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Van Dyke Parks reflects on making music on his terms and investing in himself

At age 4, Van Dyke Parks committed himself to music. Now 73, the eclectic pianist-songwriter-arranger is just as dedicated, in spite of many articles.

By Chris M. Junior

At age 4, Van Dyke Parks committed himself to music. Parks, who turned 73 on Jan. 3, 2014, remains dedicated, but it hasn’t exactly been smooth sailing for the eclectic pianist-songwriter-arranger in recent years.

One lingering obstacle: The lack of outside financial backing for a new studio project. With no record-label resources at his disposal — and the recognition that he is in the latter stage of his life — Parks decided to invest in himself. He personally funded the recording costs for a series of singles that he began to roll out in 2011. The singles were the first new studio recordings issued under Parks’ name since “Orange Crate Art,” his 1995 album with Beach Boys mastermind Brian Wilson.

Van Dyke Parks Songs Cycled

“My wife and my family were so loyal,” Parks recalls. “They watched me toss this money away for a roomful of string players or saxophones or percussionists — to delight the ear and to try and create something of durable value.”

Parks’ singles got a second wind of sorts in 2013, when the London-based Bella Union label released them in the United States as the album “Songs Cycled.” Soon after, Parks was facing yet another obstacle: recovering from major hand surgery and dealing with the related uncertainty about his future as a performing musician.

Despite that dark cloud looming over him, Parks was engaging and eloquent in a conversation that focused on “Songs Cycled,” as well as his work with Wilson on The Beach Boys’ “Smile” and what he hopes lies ahead.

GOLDMINE: The recordings on “Songs Cycled” were originally released as a series of singles, and the packaging featured illustrations by contemporary American artists. At that time, did you envision them as a unified album or merely as standalone singles?
VAN DYKE PARKS: That’s a good question, and a good answer is I never have any plans, one way or another. I don’t give thought to coherence of tunes. I always follow what I think is the inevitable result — that songs borne of the same period will reflect a point of view that sometimes a reviewer or a casual observer will think suggests a concept. So it was not on my mind that these songs would relate to one another or not relate. I was immersed in the individual challenge of each song and blinded to any other possibilities.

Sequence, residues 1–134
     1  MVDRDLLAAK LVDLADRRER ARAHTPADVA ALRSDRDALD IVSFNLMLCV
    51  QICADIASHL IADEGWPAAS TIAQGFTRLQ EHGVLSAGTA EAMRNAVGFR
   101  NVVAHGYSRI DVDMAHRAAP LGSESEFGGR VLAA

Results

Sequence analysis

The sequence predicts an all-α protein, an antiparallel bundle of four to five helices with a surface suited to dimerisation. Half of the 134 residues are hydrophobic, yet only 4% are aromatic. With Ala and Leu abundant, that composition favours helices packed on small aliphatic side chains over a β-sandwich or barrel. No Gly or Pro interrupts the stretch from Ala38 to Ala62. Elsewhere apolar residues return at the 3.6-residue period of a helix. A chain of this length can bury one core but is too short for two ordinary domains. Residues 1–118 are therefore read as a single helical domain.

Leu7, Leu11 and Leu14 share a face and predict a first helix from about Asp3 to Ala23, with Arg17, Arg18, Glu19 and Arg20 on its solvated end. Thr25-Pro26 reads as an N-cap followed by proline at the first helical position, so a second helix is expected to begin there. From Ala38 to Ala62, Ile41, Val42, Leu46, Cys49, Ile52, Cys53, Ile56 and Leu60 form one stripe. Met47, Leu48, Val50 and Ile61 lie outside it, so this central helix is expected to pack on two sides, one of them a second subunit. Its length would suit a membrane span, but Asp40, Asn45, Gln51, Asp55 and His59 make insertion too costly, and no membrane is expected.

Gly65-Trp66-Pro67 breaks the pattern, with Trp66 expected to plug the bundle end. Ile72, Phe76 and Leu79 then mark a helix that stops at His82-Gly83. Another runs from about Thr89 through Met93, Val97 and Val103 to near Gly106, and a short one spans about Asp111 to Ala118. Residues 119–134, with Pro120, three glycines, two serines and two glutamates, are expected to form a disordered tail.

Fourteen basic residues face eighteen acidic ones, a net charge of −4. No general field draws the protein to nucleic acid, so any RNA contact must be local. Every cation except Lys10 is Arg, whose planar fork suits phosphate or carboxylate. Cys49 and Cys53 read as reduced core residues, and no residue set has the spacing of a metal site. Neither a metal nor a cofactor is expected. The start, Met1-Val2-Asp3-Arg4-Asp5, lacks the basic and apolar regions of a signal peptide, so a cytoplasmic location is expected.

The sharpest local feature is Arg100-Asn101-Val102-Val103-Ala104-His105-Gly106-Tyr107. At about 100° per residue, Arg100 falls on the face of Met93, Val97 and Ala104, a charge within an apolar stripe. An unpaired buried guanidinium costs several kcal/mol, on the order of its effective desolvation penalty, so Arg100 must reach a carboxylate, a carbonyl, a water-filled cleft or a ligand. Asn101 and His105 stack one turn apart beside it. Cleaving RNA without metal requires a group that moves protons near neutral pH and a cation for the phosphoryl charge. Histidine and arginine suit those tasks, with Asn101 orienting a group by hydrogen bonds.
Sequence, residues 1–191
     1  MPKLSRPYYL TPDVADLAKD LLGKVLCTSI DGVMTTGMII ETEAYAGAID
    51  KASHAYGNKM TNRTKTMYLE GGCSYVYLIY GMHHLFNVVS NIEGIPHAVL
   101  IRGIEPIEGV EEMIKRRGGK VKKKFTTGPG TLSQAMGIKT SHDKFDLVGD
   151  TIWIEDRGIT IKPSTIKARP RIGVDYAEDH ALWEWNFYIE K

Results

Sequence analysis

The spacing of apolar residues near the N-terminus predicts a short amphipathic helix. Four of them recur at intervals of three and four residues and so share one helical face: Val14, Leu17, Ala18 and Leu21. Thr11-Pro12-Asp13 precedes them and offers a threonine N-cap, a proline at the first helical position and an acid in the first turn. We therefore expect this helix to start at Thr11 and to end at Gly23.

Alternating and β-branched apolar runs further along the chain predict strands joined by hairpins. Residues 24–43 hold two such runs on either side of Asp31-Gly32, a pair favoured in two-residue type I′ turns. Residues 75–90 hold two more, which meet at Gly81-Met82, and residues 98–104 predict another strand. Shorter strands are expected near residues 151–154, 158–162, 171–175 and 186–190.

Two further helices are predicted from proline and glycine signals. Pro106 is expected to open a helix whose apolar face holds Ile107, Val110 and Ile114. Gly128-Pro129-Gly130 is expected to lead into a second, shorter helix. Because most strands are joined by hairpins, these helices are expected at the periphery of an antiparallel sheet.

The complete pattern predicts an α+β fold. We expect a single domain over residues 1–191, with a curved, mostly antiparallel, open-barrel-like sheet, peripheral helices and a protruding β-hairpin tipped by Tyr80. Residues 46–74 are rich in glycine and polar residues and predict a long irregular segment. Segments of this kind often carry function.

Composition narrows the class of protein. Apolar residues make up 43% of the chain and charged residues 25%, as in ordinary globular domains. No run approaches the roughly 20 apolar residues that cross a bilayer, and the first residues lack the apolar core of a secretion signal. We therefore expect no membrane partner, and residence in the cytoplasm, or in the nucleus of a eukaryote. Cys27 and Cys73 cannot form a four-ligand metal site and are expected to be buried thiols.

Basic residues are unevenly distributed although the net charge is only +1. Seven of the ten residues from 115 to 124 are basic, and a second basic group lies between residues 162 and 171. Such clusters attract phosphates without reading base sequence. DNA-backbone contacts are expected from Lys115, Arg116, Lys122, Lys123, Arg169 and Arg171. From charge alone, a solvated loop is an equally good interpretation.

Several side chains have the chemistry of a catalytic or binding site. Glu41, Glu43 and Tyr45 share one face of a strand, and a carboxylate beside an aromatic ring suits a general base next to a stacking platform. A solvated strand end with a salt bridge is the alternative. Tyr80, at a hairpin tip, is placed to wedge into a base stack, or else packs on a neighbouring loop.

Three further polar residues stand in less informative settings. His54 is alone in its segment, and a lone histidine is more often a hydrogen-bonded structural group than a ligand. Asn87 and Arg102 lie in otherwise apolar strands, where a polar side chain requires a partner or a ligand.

I had hoped that one day somebody would call me and ask me to record an album. I hate to sound narcissistic, but I thought perhaps someone would think I deserve some patronage. But it didn’t happen. So knowing that time was the enemy, and that I was moving right along toward the endgame, I decided to invest in myself. And that’s why I did the singles. I started with one; that’s all I could afford.

I love the relationship between sights and sounds. It’s always occurred to me that it’s where I would always find my greatest satisfaction, and that’s something I think you see in the pattern of the jobs I’ve had in my life.

For Van Dyke Parks, quality has always outweighed quantity. He has collaborated on a variety of projects with other artists, but his own catalog is a relatively small one, given his 45-year recording career: “Song Cycle” (1968); “Discover America” (1972); “Clang of the Yankee Reaper” (1976); “Jump!” (1984); “Tokyo Rose” (1989); Fisherman & His Wife” (1991); “Orange Crate Art” (1995); “Moonlighting: Live At The Ash Grove” (1998); and “Songs Cycled “2013). Roman Cho photo.

For Van Dyke Parks, quality has always outweighed quantity. He has collaborated on a variety of projects with other artists, but his own catalog is a relatively small one, given his 45-year recording career: “Song Cycle” (1968); “Discover America” (1972); “Clang of the Yankee Reaper” (1976); “Jump!” (1984); “Tokyo Rose” (1989); Fisherman & His Wife” (1991); “Orange Crate Art” (1995); “Moonlighting: Live At The Ash Grove” (1998); and “Songs Cycled" (2013). Roman Cho photo.

GM: “Hold Back Time” and “The All Golden” are new recordings of songs you’ve done before. What made you want to re-record those particular songs?
VDP: You know, I think that there’s an overemphasis on the idea of “re-recording.” Everyone thinks perhaps that smacks of unoriginality. I’m an arranger; that’s how I have supported my family, by arranging music … Arranging is a central thesis for my very being as a participant in recording. When I take a song, whether it’s on record or in a performance, and arrange it for a group of musicians that was never collected before, there’s nothing repetitive about it. So I kind of shy away from the term “re-recording” (laughs).

“The All Golden” deserved to be readdressed … “Hold Back Time,” quite frankly, lacked what I felt was an intimacy or an understanding as a vocal performance on “Orange Crate Art.” And I felt the tune deserved my attention, and in fact, it is a highly personal autobiographical statement.

GM: Do you have a typical approach or workflow when it comes to arranging a song?